Today Birmingham is one of the top cities in the world; attracting over 34million visitors a year and named the UK’s most entrepreneurial city outside of London. But turn the clock back 50 years and it was a very different story. 1960s Birmingham was known as a concrete jungle thanks to the mass of 60s style buildings and tangle of ring roads. So what changed? How does a city go from being undesirable to a world class destination in 50 years?
The short answer is that investors, developers and the city council recognised the potential of the city and decided to do something about it. That’s not to say that everything went smoothly from there, the concrete legacy of the 1960s was not an easy one to shake. The first Bullring shopping centre is a prime example of that. An ugly, unappealing building surrounded by roads, the centre failed to maintain both tenants and customers and despite initial success it was deemed to be an unfortunate and misjudged investment. Despite the redevelopment of New Street Station adjacent to it, 1960s Bullring was not a popular destination.
It wasn’t until the end of the 20th Century that developers began to realise how powerful placemaking could be in recreating and re-establishing city centres. Placemaking is the approach to planning, developing and managing public spaces that is centred around the local community’s assets, inspiration and potential. When buildings and spaces become desirable places, they take on identities of their own.
It was with this concept in mind that Hammerson redeveloped Bullring. As old streets, buildings and canals were restored in Birmingham, a new shopping centre was built that was to be a fundamental part of the powerful new city, bringing together traditional market activity and modern retail units.
In 2003 Bullring as we now know it opened its doors to the public, drawing crowds of nearly 300,000 people on its first day. Since then it has gone from strength to strength, attracting retailers and shoppers from across the world and supporting Birmingham’s dynamic culture.
Bullring is a place that is widely acknowledged for its iconic status. The Selfridges building was inspired by a Paco Robanne sequinned dress and is made up of 15,000 reflective aluminium discs on a sheer cobalt blue skin. The Selfridges store and it’s design led Lucia van der Post to write in The Times that Selfridges “makes a trip to Birmingham seem like the must-have treat of the year.”
The bronze bull, The Guardian, was designed by Laurence Broderick and has been named as one of the world’s top public works of art in addition to being the third most photographed landmark in Britain.
Today, 36 million visitors flock to Bullring every year not only for the architecture and range of shops and restaurants, but also because over the years the shopping centre has become a venue in its own right. Events held there range from student sessions to live fashion shows and, most recently, the Disco Bull Head. Created by American artist Josh Harker, the Disco Bull Head was a 16 ft. steel pipe sculpture which came alive every night over two weeks. The theme for the show was the rebirth and growth of Birmingham, and each show was accompanied by local music, dance and cultural groups. Close to two million people visited Bullring to watch the incredible light show for free, a huge success celebrating the city’s rich culture.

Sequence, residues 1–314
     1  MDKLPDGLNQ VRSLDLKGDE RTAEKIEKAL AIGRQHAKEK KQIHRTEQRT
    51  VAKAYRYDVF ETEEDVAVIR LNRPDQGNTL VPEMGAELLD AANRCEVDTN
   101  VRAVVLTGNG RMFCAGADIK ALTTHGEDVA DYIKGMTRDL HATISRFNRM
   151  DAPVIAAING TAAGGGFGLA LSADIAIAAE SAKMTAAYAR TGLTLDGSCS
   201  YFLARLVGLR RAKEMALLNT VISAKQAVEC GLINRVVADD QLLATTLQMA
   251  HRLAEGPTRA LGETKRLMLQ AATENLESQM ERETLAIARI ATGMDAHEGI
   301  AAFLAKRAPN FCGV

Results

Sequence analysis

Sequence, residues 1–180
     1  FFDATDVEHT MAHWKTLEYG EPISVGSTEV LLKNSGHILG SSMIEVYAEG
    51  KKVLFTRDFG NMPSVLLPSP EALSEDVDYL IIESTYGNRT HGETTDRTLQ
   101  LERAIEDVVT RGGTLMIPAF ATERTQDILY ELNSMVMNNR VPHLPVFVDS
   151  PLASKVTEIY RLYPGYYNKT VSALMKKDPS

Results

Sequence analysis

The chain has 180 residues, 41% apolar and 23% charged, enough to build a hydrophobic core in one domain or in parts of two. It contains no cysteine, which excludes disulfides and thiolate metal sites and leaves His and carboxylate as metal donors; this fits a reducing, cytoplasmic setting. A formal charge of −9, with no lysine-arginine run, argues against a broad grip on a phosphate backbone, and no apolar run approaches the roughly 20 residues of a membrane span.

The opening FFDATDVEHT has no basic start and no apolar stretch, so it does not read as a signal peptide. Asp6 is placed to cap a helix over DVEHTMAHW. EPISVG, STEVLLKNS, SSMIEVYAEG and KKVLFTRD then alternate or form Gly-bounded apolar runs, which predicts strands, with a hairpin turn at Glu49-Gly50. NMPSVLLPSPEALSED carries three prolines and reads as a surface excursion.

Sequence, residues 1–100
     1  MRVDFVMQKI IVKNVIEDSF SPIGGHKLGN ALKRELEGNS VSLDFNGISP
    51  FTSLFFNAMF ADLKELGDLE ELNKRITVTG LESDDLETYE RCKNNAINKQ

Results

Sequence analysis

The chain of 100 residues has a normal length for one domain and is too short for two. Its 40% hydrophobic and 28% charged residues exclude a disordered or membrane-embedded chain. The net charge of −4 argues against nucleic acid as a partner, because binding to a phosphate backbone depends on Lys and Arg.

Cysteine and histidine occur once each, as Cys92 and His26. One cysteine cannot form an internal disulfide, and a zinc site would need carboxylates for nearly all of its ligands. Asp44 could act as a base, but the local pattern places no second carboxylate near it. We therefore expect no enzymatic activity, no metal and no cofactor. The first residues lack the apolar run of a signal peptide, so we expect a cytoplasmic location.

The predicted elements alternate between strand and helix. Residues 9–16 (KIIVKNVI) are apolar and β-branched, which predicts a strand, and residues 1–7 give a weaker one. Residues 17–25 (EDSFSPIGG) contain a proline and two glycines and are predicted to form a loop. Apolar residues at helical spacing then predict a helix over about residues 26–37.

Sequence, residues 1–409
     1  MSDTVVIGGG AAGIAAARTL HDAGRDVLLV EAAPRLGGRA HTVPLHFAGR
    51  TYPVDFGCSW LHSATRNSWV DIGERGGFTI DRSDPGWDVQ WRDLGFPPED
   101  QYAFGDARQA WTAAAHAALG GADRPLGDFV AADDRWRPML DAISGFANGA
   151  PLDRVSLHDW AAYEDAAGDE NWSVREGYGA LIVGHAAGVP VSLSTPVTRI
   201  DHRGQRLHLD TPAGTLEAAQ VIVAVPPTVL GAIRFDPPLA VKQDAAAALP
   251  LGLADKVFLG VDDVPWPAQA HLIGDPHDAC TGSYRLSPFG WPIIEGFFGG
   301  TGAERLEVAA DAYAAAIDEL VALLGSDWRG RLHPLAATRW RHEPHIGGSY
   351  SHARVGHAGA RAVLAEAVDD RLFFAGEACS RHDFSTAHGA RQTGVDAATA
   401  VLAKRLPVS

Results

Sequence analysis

The city continues to evolve with the development of Spiceal street bringing a new range of restaurants to St. Martin’s Square and the reopening of the Grand Central shopping centre only last year. Built over New Street Station, Grand Central has long been in need of a facelift to keep up with its neighbour and the developers have not disappointed. With a flagship John Lewis and a host of exciting new brands in a huge, light space, the development has brought further life to the thriving city, and we are excited to be adding the asset to our portfolio. Combined with the redeveloped station, Grand Central is perfectly placed to act as a ‘gateway’ to the heart of the city with expected footfall of 55 million passengers per annum.
Birmingham’s transformation over the last 50 years is extraordinary, and both Bullring and Grand Central have become emblematic of the city’s new status. It is now the only city outside of London to boast the ‘big six’ leading department stores and as further investment pours in, we will see Birmingham continue to go from strength to strength.
Marketing Birmingham’s research arm the Regional Observatory and tourism research body, Global Tourism Solutions.
Report by Start up Britain